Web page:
Suriname elected former police chief and opposition leader Chan Santokhi as its new president Monday, ending the rule of Desi Bouterse, who has weighed heavily on the South American country’s politics for decades.
Santokhi, 61, was elected by the 51-member National Assembly to rule the tiny oil-and-gold exporting nation for the next five years.
He told the assembly he was inheriting a country “on the brink of financial collapse. We are balancing on the edge of an international default.”
After a divisive campaign that saw his party win May’s general election, Santokhi called for unity to tackle the country’s economic problems “shoulder to shoulder.”
His victory brings an end to the rule of former military strongman Bouterse, who was first elected president in the former Dutch colony in 2010 after initially seizing power in 1980 and ruling for seven years.
Bouterse, now 72, seized power briefly a second time in a bloodless coup in 1990.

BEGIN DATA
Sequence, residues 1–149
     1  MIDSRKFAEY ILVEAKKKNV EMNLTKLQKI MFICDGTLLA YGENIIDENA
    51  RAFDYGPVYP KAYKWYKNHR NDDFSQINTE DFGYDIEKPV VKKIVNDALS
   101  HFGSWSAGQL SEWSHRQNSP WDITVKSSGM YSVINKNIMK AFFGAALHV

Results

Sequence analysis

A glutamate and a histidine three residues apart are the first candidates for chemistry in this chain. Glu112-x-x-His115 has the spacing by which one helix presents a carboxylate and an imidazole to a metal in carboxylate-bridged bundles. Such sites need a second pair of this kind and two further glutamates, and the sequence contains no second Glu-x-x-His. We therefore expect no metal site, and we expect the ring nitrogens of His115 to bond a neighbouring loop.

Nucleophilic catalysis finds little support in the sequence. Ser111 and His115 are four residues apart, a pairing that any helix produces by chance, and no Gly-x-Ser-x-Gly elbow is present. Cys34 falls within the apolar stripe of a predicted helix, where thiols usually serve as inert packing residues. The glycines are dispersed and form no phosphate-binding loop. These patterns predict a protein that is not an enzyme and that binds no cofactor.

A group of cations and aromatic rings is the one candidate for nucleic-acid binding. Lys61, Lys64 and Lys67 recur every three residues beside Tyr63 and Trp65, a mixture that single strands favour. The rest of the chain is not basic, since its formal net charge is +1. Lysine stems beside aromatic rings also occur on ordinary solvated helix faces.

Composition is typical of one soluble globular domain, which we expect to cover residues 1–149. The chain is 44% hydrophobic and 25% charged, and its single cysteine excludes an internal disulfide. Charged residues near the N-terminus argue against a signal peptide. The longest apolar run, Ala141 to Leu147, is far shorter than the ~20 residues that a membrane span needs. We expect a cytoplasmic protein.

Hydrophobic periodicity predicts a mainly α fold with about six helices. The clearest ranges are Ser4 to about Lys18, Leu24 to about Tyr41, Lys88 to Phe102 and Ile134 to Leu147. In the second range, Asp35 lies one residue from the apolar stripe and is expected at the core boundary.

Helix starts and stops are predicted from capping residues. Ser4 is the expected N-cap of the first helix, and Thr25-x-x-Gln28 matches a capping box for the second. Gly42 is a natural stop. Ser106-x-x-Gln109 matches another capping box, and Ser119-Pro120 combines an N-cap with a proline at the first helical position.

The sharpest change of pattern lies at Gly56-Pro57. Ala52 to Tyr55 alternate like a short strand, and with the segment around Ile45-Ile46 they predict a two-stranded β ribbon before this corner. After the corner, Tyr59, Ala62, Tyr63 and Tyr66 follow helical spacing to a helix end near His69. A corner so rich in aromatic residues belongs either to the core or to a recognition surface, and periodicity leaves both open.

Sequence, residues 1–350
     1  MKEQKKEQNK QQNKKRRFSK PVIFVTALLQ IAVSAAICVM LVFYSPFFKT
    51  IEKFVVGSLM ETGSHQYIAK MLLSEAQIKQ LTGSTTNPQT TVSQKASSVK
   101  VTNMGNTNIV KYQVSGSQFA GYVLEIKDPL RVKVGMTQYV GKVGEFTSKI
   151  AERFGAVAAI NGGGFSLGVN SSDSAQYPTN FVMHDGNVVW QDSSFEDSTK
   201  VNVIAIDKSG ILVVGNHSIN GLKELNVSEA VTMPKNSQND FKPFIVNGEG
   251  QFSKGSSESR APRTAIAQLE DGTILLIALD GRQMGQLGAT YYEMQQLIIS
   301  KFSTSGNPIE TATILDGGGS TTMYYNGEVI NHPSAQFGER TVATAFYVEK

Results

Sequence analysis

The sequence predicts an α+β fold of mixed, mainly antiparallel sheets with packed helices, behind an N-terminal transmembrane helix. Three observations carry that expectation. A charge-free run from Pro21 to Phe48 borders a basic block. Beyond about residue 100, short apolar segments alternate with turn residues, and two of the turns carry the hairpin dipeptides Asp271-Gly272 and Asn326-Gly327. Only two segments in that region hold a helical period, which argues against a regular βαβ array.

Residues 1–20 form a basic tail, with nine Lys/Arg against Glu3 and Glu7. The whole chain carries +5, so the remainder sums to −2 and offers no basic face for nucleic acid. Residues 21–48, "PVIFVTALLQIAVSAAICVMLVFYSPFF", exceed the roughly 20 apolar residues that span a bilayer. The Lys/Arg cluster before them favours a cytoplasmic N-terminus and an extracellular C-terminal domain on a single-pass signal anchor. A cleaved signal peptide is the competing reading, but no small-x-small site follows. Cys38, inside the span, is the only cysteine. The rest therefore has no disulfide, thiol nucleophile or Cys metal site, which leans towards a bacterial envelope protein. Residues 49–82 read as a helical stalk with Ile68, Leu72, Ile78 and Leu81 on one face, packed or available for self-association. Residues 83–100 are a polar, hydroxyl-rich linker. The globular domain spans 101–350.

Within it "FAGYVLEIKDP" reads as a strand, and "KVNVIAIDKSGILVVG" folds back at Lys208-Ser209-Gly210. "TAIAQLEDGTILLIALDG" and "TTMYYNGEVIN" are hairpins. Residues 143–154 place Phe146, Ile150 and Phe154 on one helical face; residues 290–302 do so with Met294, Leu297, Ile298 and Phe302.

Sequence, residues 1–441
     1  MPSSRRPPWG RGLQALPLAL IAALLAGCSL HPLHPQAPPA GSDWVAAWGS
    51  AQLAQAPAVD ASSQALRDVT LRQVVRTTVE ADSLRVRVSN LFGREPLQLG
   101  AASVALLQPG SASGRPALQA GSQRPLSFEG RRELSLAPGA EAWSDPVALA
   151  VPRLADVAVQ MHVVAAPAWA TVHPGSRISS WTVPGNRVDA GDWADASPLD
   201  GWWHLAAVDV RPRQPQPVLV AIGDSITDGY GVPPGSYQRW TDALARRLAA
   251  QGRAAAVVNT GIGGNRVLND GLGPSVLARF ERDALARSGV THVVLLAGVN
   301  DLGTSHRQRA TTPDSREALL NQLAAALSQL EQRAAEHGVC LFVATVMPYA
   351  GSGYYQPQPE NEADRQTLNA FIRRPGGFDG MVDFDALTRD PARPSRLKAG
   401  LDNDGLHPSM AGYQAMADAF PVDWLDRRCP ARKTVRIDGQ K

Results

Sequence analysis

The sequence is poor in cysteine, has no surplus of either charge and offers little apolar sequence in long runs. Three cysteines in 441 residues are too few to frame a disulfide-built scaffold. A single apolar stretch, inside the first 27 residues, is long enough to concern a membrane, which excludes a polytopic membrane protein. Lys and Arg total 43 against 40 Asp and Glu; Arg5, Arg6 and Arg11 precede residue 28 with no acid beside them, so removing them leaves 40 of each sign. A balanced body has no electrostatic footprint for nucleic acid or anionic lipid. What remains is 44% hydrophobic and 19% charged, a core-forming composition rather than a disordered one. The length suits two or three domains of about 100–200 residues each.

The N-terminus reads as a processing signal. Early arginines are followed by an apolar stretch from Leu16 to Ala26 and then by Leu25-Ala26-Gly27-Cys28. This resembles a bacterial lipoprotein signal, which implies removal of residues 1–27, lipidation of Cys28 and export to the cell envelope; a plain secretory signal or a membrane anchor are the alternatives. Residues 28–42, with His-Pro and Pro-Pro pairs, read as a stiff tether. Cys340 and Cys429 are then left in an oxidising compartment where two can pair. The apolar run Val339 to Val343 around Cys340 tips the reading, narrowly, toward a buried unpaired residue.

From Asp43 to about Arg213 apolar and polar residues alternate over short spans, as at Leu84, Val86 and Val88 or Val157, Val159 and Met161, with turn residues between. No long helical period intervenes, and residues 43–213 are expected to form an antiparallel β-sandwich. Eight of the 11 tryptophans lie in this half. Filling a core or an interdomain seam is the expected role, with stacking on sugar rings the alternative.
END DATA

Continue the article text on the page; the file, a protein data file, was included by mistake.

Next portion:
In November, he was sentenced to 20 years in prison by a military court for ordering executions during his first period in power, in 1982.
He was convicted of having 15 political opponents — including lawyers, journalists and businessmen — rounded up and executed.
Bouterse appealed his conviction, and the case was postponed due to the coronavirus pandemic.
Santohki’s Progressive Reform party won 20 seats in May elections, enough to form a coalition government with the General Liberation and Development Party of Ronnie Brunswijk, who will be vice-president.
Brunswijk is a former rebel leader who fought a civil war against Bouterse in the late 1980s.
Santokhi is due to be sworn in as new president on Thursday.
Suriname, on the northeastern shoulder of South America, shares a border with Guyana, Brazil and — through French Guiana — with France.
French President Emmanuel Macron congratulated Santokhi, saying their nations’ shared border made Suriname and France “natural partners.”
Macron added that he hoped the two would work together to kickstart “cross-border cooperation,” stalled over a long-time dispute over the common frontier.